Monday, January 5, 2009

In France

When I started graduate school, I heard lots of stories about a fellow Williams alum who had started his history doctorate a few years before I did. Apparently he had arrived on the West Coast and promptly and continually compared everything and everyone to his undergrad experience. At Williams, he would say, professors invited their students over for dinner with their families. At Williams, he would say, the shopkeepers on Spring Street knew the students by name. At Williams, he would say, every season was beautiful and there was never any traffic. At Stanford, my fellow graduate students didn't think a whole lot of my fellow Eph's attachment to our college. After all, Stanford was not without its charms.

We're back from two weeks with our families in the States. I think we saw nearly everyone we meant to see; certainly we saw everyone we had time to see, in the time that we had. We celebrated Christmas and Hanukkah and New Year's with family, extended family, and friends. We ate and talked and walked and then ate some more. Most people we saw we hadn't seen in nearly two years. They asked us about our life here; we said it was a good life. And that was generally the end of the conversation. At least, it felt like that to us. Maybe to everyone else it sounded like we were going on endlessly, obnoxiously, about the baguettes and the views and the sangliers and the weather: In France, we eat fresh bread every day. In France, there are no strip malls. In France, almost all our food is locally grown--but to us, it felt like we said, we're happy there, and then the conversation moved on.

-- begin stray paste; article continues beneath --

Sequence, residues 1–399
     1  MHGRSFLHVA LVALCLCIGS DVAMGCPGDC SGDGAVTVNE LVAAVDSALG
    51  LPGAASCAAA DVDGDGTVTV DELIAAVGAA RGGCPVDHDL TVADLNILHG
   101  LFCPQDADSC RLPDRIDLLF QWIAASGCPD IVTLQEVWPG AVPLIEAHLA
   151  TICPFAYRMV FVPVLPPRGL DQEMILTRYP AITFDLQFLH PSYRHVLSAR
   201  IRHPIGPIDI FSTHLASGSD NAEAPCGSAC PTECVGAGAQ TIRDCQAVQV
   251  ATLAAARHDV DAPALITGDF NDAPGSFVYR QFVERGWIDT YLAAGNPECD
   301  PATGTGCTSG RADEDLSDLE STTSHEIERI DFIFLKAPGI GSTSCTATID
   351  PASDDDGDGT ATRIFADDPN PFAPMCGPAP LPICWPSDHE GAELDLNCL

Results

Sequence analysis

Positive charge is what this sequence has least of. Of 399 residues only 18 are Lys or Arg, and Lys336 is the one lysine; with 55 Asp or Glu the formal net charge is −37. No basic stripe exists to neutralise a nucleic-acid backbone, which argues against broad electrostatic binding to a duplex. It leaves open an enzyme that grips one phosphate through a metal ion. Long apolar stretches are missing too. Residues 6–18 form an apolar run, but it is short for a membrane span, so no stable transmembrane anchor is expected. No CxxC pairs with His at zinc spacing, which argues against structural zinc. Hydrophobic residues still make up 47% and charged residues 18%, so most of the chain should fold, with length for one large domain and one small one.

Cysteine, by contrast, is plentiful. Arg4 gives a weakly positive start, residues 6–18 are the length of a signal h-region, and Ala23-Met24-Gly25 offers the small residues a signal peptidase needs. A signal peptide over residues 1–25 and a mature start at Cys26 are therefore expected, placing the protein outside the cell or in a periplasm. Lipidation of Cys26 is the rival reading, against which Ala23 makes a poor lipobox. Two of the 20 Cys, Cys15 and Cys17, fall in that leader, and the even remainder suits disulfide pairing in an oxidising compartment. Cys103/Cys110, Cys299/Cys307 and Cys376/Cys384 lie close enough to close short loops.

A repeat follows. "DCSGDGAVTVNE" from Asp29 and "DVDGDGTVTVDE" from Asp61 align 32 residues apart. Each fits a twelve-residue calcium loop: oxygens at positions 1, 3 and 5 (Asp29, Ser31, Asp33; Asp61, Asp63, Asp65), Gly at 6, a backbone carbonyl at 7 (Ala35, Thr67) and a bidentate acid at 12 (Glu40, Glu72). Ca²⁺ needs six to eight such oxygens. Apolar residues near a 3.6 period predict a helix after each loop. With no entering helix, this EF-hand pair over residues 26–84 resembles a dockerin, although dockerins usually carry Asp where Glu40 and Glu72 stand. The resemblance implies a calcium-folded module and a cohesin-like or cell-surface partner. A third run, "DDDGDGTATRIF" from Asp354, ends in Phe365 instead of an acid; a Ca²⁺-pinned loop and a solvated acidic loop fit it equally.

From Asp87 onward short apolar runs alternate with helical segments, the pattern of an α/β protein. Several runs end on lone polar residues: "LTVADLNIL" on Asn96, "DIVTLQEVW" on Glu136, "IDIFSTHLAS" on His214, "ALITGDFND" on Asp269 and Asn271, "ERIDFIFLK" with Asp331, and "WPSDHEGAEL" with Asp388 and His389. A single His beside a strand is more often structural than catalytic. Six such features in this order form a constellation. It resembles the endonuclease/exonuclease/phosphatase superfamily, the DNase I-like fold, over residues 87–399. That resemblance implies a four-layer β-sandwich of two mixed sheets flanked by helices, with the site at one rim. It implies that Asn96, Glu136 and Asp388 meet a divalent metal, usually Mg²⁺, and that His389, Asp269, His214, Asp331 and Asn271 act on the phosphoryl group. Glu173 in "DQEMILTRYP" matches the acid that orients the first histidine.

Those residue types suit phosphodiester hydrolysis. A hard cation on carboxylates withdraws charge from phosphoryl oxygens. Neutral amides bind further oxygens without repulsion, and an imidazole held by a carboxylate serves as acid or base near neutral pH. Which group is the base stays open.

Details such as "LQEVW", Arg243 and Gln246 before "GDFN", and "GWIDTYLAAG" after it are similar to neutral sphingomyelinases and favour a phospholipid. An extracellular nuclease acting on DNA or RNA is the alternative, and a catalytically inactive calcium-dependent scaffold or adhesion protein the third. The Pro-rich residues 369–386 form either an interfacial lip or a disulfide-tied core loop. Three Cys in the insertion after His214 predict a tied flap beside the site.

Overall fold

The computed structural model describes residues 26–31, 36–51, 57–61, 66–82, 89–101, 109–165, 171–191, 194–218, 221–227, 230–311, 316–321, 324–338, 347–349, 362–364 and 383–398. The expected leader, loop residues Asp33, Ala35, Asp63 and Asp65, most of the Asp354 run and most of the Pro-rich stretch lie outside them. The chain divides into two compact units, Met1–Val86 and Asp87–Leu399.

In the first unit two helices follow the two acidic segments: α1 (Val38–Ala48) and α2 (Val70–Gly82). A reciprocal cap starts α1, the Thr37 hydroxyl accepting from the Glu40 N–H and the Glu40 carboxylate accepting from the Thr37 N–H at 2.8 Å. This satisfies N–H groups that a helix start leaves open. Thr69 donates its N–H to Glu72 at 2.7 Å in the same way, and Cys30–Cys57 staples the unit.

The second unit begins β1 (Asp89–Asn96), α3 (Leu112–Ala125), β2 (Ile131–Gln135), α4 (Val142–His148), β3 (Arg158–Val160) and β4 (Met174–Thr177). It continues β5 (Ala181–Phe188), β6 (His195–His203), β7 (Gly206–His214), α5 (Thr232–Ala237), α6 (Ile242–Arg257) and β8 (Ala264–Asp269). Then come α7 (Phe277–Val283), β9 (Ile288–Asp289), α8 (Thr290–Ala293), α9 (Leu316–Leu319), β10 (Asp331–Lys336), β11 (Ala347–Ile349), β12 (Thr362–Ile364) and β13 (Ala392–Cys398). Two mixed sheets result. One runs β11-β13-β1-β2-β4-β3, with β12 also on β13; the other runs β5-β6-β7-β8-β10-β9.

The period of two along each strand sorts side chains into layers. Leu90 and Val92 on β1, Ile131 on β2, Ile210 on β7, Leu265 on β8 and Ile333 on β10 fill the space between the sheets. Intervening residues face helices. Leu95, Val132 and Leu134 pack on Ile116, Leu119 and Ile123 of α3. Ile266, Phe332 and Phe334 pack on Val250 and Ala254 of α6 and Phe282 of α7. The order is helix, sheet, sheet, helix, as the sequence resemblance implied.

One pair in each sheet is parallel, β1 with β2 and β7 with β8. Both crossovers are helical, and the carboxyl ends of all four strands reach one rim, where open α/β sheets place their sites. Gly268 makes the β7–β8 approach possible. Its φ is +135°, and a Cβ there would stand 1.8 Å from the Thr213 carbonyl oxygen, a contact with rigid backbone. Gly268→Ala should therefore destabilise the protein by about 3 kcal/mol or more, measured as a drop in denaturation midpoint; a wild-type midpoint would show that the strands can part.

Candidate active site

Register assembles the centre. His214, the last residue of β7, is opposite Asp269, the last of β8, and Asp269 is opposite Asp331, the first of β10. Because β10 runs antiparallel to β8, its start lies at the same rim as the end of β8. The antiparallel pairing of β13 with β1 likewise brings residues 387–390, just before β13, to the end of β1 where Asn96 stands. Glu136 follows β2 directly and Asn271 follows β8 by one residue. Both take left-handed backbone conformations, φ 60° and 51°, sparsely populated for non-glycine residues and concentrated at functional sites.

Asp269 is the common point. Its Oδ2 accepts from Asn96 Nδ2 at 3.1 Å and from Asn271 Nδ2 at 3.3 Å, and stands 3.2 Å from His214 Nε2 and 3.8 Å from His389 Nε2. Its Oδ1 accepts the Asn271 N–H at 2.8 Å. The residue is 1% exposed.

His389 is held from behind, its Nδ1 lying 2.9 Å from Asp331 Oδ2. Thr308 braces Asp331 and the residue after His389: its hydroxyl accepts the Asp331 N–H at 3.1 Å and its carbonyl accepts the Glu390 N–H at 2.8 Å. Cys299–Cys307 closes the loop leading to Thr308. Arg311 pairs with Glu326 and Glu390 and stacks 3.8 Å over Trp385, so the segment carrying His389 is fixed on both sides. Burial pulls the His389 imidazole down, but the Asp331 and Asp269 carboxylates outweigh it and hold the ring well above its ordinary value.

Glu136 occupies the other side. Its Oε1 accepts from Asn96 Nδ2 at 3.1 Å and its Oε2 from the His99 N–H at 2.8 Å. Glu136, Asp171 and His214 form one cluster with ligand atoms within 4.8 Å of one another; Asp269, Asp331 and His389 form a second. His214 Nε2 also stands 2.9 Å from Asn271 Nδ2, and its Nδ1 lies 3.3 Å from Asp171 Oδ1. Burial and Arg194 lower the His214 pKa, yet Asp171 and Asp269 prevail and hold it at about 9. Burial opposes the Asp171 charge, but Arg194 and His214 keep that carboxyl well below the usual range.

And really, there's no reason it shouldn't have. It would have been boring at best, and boorish at worst, to bless every one with a lecture on Being an American and Living In France in 2007-08, or, France and America: Similarities and Differences. (After all, that's what La Bastiole is for.) What was disconcerting was that our friends and family accepted us back, just as we are, or were, or had been. We stepped back into our American life with barely a ripple, as though we had been away for a few days and not a few years.

That was probably a good thing. The alternative--stepping back in and getting sucked under by the tide, not feeling any connection with the people we care about--certainly holds no appeal. And yet we feel changed by our life here, and uncertain about how we will ever live our life again in America, and whether we want to, and what that means. That feels profound to us. To others on the outside it probably doesn't. The feeling is probably mentioned, and explained, in the penultimate chapter of most books on living abroad. How, though, to go about living through it is something we have to figure out.

Meanwhile, this morning, I look out my kitchen window and think: In France, I look over the olive trees to the sea.

1 comment:

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